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Nanofibrous scaffolds supporting optimal central nervous system regeneration: an evidence-based review

Authors Kamudzandu M, Roach P, Fricker R, Yang Y

Received 26 July 2015

Accepted for publication 9 October 2015

Published 2 December 2015 Volume 2015:3 Pages 123—131


Checked for plagiarism Yes

Review by Single-blind

Peer reviewer comments 3

Editor who approved publication: Prof. Dr. Hongyun Huang

Munyaradzi Kamudzandu, Paul Roach, Rosemary A Fricker, Ying Yang

Institute for Science and Technology in Medicine, School of Medicine, Keele University, Stoke-on-Trent, UK

Abstract: Restoration of function following damage to the central nervous system (CNS) is severely restricted by several factors. These include the hindrance of axonal regeneration imposed by glial scars resulting from inflammatory response to damage, and limited axonal outgrowth toward target tissue. Strategies for promoting CNS functional regeneration include the use of nanotechnology. Due to their structural similarity, synthetic nanofibers could play an important role in regeneration of CNS neural tissue toward restoration of function following injury. Two-dimensional nanofibrous scaffolds have been used to provide contact guidance for developing brain and spinal cord neurites, particularly from neurons cultured in vitro. Three-dimensional nanofibrous scaffolds have been used, both in vitro and in vivo, for creating cell adhesion permissive milieu, in addition to contact guidance or structural bridges for axons, to control reconnection in brain and spinal cord injury models. It is postulated that nanofibrous scaffolds made from biodegradable and biocompatible materials can become powerful structural bridges for both guiding the outgrowth of neurites and rebuilding glial circuitry over the “lesion gaps” resulting from injury in the CNS.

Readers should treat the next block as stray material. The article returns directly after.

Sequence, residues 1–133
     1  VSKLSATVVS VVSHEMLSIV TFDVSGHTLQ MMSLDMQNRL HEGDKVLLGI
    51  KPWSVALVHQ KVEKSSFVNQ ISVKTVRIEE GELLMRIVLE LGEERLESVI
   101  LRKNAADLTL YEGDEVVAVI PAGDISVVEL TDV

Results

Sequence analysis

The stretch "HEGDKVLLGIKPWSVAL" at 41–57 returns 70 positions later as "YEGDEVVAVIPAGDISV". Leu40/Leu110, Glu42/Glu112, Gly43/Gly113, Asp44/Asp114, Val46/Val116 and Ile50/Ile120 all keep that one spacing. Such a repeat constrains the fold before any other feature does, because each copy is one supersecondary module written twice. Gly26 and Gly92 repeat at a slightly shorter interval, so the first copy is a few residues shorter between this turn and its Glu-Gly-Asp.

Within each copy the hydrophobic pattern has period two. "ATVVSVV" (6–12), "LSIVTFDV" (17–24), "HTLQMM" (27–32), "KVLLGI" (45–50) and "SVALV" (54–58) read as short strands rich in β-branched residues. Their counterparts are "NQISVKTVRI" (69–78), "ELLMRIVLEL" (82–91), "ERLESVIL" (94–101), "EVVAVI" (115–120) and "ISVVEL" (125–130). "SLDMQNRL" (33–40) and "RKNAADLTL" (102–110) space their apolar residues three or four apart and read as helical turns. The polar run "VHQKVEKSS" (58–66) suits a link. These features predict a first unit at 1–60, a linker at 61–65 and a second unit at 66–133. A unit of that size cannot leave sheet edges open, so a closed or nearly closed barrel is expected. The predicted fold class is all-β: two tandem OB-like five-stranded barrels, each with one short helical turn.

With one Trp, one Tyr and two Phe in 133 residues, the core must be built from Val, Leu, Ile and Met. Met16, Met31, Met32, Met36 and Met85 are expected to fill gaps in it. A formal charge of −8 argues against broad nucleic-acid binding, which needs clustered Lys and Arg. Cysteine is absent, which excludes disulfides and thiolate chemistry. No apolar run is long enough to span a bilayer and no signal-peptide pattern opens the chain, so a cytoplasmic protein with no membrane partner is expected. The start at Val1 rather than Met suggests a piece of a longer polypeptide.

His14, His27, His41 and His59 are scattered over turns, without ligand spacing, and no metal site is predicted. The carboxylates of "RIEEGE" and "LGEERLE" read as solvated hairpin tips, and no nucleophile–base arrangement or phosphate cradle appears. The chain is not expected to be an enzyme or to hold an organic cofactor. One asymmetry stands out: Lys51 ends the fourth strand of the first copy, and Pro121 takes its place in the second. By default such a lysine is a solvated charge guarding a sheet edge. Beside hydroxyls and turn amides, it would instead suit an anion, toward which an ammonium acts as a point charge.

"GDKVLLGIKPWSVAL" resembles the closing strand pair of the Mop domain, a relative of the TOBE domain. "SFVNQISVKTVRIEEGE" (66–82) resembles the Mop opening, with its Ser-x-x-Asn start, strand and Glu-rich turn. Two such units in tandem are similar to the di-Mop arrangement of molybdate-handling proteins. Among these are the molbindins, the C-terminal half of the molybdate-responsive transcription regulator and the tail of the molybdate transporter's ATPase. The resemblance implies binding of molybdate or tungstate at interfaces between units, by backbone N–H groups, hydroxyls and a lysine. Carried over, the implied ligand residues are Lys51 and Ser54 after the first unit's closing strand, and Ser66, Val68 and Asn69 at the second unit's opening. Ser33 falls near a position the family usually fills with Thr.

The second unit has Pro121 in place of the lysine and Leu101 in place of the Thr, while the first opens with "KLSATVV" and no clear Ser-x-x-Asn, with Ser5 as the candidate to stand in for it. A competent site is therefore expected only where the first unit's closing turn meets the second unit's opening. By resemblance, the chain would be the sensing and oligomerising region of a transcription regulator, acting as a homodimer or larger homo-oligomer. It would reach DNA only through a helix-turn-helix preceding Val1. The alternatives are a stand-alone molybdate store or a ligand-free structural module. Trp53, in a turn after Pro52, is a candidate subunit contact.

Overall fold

Keywords: scaffold, nanofibrous scaffold, CNS, regeneration, alignment

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